Moving Up the Management Ladder: Utilize Your Prior Experience to Manage Your Staff Today
By John Ely Senior Vice President of Marketing, Signature Worldwide | May 28, 2010
My management career started very early at the age of 24, when I was chosen to help open a new manufacturing facility in Sacramento, Calif. We were the typical high-tech firm in Silicon Valley, and even as early as 1984, the company realized that manufacturing costs in the hotbed of the world's technology center were escalating as more firms popped up near our facility in Palo Alto. This influx of technology research and development raised the education level of workers coming into the area, and in turn, pushed the labor costs up. Our best option was to build a new facility in the central valley of California which at that time was still "undiscovered."
I was excited that management felt I had the skills to build and develop a team at our new plant. However, I was also apprehensive, because up until that point, managers had simply been people who told me what to do. I was a junior engineer and had absolutely no experience managing people. I had only mastered our processes.
Offer Personal Attention
I entered the proposition with an open mind, and found that I had a natural propensity for working with teams. I learned more in those first few years about people, management and business in general. It wasn't easy, but I had good guidance from many of my managers. The first lesson I learned was that I needed to pay personal attention to everyone on the team. One of the more senior managers of the initiative took me (and a few others) under his wing and helped us develop our management skills by setting good examples.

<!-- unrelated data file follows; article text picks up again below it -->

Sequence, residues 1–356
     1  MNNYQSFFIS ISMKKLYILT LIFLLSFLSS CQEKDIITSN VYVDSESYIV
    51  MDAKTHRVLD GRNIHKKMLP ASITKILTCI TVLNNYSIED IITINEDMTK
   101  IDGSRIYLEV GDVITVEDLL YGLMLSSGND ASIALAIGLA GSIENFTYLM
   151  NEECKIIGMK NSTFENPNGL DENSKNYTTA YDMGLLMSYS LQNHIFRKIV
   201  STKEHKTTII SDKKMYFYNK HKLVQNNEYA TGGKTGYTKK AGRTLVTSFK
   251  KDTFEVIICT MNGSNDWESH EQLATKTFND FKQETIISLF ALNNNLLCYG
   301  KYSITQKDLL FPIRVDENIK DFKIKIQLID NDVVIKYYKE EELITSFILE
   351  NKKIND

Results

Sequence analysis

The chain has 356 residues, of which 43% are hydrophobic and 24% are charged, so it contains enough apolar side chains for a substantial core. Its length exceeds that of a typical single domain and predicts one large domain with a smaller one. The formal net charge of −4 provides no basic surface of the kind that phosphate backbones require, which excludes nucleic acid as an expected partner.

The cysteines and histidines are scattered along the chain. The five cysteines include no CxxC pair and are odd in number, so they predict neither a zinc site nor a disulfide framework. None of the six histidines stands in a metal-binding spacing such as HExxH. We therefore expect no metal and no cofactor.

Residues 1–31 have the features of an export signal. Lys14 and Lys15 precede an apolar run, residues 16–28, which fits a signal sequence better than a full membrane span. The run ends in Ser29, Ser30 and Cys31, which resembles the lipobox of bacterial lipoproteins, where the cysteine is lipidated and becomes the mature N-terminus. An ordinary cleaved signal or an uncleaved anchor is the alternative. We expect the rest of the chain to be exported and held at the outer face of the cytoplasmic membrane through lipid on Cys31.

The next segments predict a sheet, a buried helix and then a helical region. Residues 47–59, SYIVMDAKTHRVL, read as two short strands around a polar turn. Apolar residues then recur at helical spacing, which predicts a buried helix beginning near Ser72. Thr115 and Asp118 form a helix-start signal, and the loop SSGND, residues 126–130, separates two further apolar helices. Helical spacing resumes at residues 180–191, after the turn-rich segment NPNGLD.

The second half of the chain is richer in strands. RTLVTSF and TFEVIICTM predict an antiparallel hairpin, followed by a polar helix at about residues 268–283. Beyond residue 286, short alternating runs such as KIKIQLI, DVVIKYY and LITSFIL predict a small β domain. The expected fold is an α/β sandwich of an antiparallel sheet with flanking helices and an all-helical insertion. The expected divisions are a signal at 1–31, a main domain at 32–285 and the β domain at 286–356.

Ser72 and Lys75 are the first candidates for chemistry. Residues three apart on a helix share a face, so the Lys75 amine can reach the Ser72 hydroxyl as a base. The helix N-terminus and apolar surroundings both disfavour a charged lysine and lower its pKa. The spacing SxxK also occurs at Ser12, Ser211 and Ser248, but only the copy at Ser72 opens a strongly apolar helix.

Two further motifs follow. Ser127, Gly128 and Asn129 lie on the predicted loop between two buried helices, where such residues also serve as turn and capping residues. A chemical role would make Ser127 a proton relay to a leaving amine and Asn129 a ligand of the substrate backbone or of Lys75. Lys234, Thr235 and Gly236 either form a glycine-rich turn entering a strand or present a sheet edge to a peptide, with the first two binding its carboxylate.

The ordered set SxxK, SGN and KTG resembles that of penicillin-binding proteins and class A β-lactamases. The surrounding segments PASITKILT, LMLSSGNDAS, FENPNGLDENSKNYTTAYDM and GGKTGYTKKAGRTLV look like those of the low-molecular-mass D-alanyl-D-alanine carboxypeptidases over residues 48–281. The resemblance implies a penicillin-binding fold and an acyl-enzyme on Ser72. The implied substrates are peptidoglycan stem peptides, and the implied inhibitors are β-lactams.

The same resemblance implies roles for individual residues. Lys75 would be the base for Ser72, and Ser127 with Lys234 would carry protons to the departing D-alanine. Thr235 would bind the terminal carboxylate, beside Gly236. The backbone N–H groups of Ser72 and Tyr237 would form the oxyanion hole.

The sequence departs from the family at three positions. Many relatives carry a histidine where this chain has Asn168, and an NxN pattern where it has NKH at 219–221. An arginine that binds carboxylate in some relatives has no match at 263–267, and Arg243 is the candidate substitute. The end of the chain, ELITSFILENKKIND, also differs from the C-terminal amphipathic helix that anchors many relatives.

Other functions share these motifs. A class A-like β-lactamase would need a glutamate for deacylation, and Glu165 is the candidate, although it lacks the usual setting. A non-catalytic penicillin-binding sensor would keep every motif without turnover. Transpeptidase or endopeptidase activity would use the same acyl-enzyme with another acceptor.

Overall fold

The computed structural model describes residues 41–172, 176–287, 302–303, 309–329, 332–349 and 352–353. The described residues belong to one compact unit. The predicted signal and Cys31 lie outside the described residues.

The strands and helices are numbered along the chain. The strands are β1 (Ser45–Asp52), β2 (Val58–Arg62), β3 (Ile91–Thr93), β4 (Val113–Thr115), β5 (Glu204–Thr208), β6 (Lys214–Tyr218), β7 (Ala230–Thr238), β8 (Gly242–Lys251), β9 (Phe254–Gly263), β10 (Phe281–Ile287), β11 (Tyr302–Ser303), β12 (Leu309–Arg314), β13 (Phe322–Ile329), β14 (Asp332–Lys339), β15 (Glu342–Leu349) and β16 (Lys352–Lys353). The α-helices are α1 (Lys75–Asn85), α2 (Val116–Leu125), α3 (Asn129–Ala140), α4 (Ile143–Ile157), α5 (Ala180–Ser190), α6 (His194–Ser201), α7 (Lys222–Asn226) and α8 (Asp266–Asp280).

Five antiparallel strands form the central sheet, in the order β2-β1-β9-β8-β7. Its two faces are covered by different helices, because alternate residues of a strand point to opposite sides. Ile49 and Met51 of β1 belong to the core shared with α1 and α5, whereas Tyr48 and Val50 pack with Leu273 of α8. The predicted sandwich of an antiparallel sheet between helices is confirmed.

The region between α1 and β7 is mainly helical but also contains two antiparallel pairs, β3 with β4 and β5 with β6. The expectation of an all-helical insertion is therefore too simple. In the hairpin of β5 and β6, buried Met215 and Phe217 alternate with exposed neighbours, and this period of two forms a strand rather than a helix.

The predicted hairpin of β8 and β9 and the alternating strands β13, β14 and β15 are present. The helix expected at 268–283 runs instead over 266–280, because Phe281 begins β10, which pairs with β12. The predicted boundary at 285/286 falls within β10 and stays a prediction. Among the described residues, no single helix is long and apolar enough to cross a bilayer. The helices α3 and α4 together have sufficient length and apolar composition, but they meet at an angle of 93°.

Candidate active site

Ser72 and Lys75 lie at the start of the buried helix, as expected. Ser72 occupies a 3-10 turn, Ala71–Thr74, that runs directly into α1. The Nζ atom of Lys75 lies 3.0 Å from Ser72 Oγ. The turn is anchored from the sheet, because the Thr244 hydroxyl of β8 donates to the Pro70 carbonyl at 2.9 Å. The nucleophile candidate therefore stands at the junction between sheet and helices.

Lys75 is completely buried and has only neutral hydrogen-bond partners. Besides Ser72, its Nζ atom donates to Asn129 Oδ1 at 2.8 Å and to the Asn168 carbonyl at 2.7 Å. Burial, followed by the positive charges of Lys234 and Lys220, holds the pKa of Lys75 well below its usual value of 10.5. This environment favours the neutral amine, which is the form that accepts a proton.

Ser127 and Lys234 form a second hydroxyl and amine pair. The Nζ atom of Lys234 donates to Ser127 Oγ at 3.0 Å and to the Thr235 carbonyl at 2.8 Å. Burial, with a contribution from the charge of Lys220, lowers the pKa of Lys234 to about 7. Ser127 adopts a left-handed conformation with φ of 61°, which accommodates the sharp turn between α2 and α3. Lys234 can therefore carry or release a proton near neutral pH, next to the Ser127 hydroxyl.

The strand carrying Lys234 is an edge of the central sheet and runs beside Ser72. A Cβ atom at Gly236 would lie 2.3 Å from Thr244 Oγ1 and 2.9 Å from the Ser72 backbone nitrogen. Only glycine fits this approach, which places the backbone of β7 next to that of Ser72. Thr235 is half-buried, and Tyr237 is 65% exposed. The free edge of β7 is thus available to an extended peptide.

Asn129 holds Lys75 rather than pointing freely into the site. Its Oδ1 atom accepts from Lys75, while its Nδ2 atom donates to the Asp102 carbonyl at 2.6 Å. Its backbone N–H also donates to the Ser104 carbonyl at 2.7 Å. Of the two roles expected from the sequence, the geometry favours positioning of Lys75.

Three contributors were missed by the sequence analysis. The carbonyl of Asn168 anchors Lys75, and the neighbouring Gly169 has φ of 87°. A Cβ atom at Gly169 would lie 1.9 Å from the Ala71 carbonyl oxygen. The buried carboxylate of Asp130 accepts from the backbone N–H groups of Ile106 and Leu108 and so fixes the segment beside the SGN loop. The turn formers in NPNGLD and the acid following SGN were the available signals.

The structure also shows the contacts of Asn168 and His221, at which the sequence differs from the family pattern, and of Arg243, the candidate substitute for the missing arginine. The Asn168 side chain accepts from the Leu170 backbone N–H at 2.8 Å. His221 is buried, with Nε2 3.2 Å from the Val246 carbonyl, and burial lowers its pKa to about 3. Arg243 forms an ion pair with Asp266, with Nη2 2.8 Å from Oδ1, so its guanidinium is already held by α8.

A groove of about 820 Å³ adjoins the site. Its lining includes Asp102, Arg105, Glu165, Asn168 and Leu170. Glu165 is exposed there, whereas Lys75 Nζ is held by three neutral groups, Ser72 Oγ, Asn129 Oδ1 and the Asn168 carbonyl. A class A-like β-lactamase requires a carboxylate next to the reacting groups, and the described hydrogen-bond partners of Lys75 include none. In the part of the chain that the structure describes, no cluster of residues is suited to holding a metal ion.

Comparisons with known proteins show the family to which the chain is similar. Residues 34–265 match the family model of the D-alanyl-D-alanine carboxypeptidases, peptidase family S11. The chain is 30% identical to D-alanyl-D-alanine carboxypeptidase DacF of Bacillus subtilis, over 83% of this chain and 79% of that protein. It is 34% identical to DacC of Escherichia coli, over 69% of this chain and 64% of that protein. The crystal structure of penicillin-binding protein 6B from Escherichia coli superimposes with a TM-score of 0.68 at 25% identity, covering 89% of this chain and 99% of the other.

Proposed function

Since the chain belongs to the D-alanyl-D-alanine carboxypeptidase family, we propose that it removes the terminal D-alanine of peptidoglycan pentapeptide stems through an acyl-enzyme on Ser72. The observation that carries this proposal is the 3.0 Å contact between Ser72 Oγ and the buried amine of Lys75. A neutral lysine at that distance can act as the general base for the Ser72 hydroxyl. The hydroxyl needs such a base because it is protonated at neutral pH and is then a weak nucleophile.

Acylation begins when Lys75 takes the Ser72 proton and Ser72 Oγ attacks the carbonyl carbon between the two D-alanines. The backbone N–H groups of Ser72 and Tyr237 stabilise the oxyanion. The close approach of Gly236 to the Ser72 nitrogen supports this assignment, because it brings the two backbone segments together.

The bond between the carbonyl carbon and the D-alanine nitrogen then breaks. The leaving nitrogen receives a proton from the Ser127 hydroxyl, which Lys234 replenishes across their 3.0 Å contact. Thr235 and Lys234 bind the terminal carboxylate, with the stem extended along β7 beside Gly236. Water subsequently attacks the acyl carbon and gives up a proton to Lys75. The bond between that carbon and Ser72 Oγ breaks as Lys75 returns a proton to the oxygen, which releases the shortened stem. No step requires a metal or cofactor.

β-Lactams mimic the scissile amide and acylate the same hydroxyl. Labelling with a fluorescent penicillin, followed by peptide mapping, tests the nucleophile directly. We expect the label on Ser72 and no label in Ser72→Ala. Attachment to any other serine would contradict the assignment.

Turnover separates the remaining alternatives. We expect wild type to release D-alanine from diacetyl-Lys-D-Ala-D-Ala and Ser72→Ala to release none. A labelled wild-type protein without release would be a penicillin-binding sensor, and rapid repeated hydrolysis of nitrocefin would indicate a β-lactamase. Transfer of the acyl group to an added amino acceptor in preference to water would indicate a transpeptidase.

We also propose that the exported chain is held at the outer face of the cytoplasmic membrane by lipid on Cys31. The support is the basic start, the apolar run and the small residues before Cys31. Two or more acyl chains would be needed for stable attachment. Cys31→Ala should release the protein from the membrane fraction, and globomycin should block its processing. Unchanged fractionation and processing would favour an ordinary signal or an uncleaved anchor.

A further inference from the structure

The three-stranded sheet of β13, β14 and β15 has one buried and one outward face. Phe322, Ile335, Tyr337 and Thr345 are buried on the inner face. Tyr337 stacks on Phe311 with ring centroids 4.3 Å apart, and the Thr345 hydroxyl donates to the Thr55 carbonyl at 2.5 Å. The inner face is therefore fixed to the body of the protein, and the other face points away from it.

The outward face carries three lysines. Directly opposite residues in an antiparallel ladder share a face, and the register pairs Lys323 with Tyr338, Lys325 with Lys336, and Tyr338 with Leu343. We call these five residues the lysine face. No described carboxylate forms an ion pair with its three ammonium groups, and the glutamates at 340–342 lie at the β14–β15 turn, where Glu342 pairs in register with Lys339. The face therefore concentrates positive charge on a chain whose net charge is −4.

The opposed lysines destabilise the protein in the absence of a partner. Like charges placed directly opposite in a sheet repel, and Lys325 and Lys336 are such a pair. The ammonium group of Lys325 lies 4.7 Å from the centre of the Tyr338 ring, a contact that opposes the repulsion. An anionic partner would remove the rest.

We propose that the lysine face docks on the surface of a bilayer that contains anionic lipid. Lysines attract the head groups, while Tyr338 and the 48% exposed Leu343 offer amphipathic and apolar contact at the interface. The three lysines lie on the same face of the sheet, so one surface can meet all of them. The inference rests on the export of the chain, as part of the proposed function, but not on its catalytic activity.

I remember him taking time with me to inquire how I was doing as both an employee and an individual. We would have one-on-one conferences at least twice a month, sometimes more. During these hour-long meetings, we would discuss the hiring and training processes for new team members I was assembling; identify the superstars; collaborate on how to help the new employees that required more guidance; and review what to do when progress stalled.
We also talked about how the new position was affecting me personally and professionally. Was I able to keep pace with the implementation schedule? Was I acclimated with our human resources policies and hiring procedures? Do my new staff members understand their roles, and are they making an impact? How do I feel about all the changes?
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